In addition to a linter, implement a code review process on all code. Even just one extra set of eyes will catch these things. Not only that, but you’ll grow much quicker as a developer when you implement a good code review process.

The takeaway: Do what you want

I get it it. You’re passionate about things and like them to be predictable. So do I. It’s satisfying to write that way, but it turns out, it’s not essential to writing really beautiful CSS. Use multiple patterns in your project if you want. Encourage people to try different things with their property ordering. Some might work. Some might make you cringe a little, but relax. You no longer have to stress about keeping everyone’s properties in a single opinionated order. You can do yours exactly how you want and they can as well.

There’s an additional benefit to mixing it up. When properties aren’t in a predictable order, you actually have to spend a little time reading them. Don’t worry. We’re talking additional seconds, not minutes. Don’t panic. More often than not you’ll end up improving on code you never would have seen if you just skimmed down a list for your desired property.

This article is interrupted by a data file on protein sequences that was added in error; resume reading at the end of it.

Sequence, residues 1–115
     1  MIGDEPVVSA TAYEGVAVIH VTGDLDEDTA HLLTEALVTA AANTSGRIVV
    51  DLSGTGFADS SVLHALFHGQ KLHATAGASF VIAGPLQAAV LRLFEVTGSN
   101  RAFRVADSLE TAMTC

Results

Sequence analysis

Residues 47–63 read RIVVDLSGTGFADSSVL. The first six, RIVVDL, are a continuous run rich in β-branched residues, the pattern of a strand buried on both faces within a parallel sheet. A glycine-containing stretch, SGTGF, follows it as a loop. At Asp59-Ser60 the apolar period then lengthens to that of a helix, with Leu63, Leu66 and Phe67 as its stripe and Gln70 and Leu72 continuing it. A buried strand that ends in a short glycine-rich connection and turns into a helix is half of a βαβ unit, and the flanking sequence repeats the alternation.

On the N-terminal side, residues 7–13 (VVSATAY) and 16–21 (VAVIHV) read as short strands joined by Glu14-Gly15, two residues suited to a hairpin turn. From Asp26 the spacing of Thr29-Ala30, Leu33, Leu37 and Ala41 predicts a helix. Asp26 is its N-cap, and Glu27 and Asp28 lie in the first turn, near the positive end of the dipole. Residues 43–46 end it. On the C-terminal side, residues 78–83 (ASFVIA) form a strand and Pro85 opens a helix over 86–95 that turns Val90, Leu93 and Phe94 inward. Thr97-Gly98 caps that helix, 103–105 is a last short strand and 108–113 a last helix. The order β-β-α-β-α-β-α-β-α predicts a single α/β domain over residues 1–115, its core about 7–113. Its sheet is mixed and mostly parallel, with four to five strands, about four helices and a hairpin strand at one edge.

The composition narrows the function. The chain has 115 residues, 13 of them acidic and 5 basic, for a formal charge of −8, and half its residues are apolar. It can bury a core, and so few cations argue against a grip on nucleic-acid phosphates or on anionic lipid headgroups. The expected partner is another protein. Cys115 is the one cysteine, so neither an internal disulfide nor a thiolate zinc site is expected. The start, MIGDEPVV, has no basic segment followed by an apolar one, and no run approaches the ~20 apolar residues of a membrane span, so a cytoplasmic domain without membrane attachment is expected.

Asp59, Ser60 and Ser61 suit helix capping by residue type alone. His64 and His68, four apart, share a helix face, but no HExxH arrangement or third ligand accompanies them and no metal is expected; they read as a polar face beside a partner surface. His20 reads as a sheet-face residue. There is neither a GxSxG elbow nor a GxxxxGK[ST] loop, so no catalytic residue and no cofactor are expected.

What do you think?

Have I gone mad? Am I way off base? Is this going to be nightmare-fuel for you (I hope not)?

Safari, I want to love you, but I just can’t

I have been using Safari as my default browser for the last few months. I really wanted to see what Apple has been up to with their browser and wondered if I could use it effectively for designing and building websites.

The gist is that the browser is pretty dang nice for the most part. I love a bunch of the built-in features like their reader-mode (a must on hard-to-read sites). That said, it’s not the greatest for development or for having a bunch of tabs open.

Continue reading “Safari, I want to love you, but I just can’t”

On being a friggin cyber designer